At a timing of transferring the toner image onto the intermediate transfer belt 4, in the adjacent process unit, an electrostatic latent image formed on the image carrier 3 is developed into a toner image in the same manner as described above. The toner image is transferred onto the intermediate transfer belt 4 so as to be superimposed on the previously-transferred toner image. Such a process is sequentially performed in the other process units, and thereby forming a superimposed four-color toner image on the intermediate transfer belt 4. When the superimposed four-color toner image on the intermediate transfer belt 4 comes to a secondary nip portion formed between the drive roller 21 and the secondary transfer roller 24 in accordance with the movement of the intermediate transfer belt 4, the four-color toner image is transferred onto a sheet 30 by passing through the secondary nip portion, whereby a full-color image is formed on the sheet 30. Incidentally, the sheet 30 is fed by the sheet feed roller 25, and conveyed to the secondary nip portion by the conveying rollers 26. The sheet 30 on which the full-color image is formed is conveyed to the fixing unit 10. The fixing unit 10 includes a fixing roller 27 and a pressure roller 28. When the sheet 30 passes through a nip portion formed between the fixing roller 27 and the pressure roller 28, the full-color image is fixed on the sheet 30 by the application of heat and pressure. After that, the sheet 30 is discharged onto the discharge unit 11 formed on top of the image forming apparatus 1 by the discharge rollers 29. Incidentally, after the four-color toner image is transferred onto the sheet 30, residual toners remaining on the intermediate transfer belt 4 are cleaned by a belt cleaning blade (not shown) having contact with the intermediate transfer belt 4.

In the present embodiment, as shown in FIG. 1, the process units 31Y, 31M, 31C, and 31K are arranged in this order so that the process unit 31K is located on the side of the secondary nip portion. Furthermore, the process units 31Y, 31M, 31C, and 31K are arranged on a slant so that the side of the process unit 31Y is located lower than the side of the process unit 31K. This is because a monochrome image is formed more often than a color image. In other words, when a monochrome image is formed, only the process unit 31K is used. Therefore, to shorten a print time, the process units 31Y, 31M, 31C, and 31K are arranged as described above.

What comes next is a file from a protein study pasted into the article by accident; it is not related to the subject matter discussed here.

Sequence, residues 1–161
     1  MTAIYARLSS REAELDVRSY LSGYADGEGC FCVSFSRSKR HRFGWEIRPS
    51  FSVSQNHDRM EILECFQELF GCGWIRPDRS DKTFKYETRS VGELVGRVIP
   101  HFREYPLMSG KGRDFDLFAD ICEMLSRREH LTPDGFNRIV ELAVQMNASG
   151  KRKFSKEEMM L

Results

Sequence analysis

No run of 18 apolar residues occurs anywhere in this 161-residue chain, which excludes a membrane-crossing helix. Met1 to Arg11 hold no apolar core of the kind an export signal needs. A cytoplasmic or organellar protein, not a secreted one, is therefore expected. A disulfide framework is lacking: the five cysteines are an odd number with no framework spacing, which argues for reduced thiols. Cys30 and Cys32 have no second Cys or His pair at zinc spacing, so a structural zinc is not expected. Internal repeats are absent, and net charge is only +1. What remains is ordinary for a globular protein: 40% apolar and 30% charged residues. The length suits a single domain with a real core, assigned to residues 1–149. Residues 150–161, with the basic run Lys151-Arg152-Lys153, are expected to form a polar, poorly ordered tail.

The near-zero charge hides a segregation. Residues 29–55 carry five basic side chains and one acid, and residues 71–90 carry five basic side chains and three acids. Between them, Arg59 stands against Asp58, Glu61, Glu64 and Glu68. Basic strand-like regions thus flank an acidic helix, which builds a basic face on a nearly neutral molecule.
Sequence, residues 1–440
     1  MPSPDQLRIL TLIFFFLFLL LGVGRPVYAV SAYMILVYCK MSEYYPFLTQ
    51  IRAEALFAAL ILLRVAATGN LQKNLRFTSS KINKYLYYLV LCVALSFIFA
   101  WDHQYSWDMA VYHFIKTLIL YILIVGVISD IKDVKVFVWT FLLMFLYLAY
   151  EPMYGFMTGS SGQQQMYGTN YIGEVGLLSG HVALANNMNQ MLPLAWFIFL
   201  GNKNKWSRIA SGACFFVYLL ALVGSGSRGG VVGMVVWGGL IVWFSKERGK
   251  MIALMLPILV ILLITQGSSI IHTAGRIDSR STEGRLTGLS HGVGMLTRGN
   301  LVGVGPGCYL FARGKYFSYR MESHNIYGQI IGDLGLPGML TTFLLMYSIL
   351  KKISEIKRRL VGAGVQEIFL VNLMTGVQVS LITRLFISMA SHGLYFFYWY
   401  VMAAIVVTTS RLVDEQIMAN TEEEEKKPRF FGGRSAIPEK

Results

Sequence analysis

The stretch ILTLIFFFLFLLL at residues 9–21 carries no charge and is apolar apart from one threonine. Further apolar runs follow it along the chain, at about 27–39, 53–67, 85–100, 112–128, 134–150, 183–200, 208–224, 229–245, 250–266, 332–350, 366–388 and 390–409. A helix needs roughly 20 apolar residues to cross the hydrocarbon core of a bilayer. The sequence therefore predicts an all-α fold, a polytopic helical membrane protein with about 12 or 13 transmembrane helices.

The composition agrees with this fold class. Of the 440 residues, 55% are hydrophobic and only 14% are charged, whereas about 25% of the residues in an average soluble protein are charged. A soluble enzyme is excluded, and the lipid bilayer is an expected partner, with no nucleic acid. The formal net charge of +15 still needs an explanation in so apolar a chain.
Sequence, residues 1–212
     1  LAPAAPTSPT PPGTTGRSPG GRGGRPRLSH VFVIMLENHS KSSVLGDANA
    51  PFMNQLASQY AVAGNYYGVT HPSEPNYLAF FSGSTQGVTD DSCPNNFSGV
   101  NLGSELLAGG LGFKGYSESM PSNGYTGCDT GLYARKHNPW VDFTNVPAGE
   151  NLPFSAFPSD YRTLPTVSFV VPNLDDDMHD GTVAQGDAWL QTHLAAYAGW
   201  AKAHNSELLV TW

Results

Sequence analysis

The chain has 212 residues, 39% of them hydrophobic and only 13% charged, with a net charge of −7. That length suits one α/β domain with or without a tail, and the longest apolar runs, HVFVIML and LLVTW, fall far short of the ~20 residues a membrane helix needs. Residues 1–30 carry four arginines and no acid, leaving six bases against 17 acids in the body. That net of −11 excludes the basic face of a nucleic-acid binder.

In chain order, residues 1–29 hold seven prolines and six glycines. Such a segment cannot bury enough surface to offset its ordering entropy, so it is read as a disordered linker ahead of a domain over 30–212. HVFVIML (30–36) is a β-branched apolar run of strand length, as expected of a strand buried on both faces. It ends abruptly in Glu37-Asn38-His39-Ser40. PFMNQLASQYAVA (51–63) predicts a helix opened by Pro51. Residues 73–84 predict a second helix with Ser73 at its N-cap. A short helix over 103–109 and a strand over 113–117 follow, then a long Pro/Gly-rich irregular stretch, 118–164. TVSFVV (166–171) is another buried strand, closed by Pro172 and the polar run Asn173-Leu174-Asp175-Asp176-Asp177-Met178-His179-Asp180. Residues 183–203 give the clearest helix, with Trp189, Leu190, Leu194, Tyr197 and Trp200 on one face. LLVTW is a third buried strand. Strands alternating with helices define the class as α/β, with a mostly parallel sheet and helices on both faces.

FIG. 3 depicts a configuration of a waste-toner collecting device 12 according to the first embodiment of the present invention. The waste-toner collecting device 12 includes the lower and upper waste-toner conveying screws 7, the waste-toner conveying belt 13, the waste-toner container 8 (not shown in FIG. 3), a toner collecting path 32, and a toner scraping member 16.

The waste-toner collecting device 12 is included in each of the process units 31Y, 31M, 31C, and 31K, and collects waste toner from the image carrier 3 (see FIGS. 1 and 2). Specifically, the waste toner collected from the image carrier 3 is conveyed in the horizontal direction by the lower waste-toner conveying screw 7, and put on the waste-toner conveying belt 13 being driven to move. The waste toner is conveyed upward in accordance with the movement of the waste-toner conveying belt 13. More specifically, convex portions 131 are formed on the waste-toner conveying belt 13, and the waste toner is conveyed upward in the gap between the convex portions 131 and a wall of the toner collecting path 32. When the waste toner is conveyed to the upper waste-toner conveying screw 7, the waste toner is collected in the waste-toner container 8 by the upper waste-toner conveying screw 7. Incidentally, it is preferable that a waste-toner conveying capacity of the waste-toner conveying belt 13 shown in FIG. 2 is larger than a waste-toner conveying collecting capacity of the cleaning unit 5 shown in FIG. 1. This is to prevent the collected waste toner exceeding a capacity of the toner collecting path 32.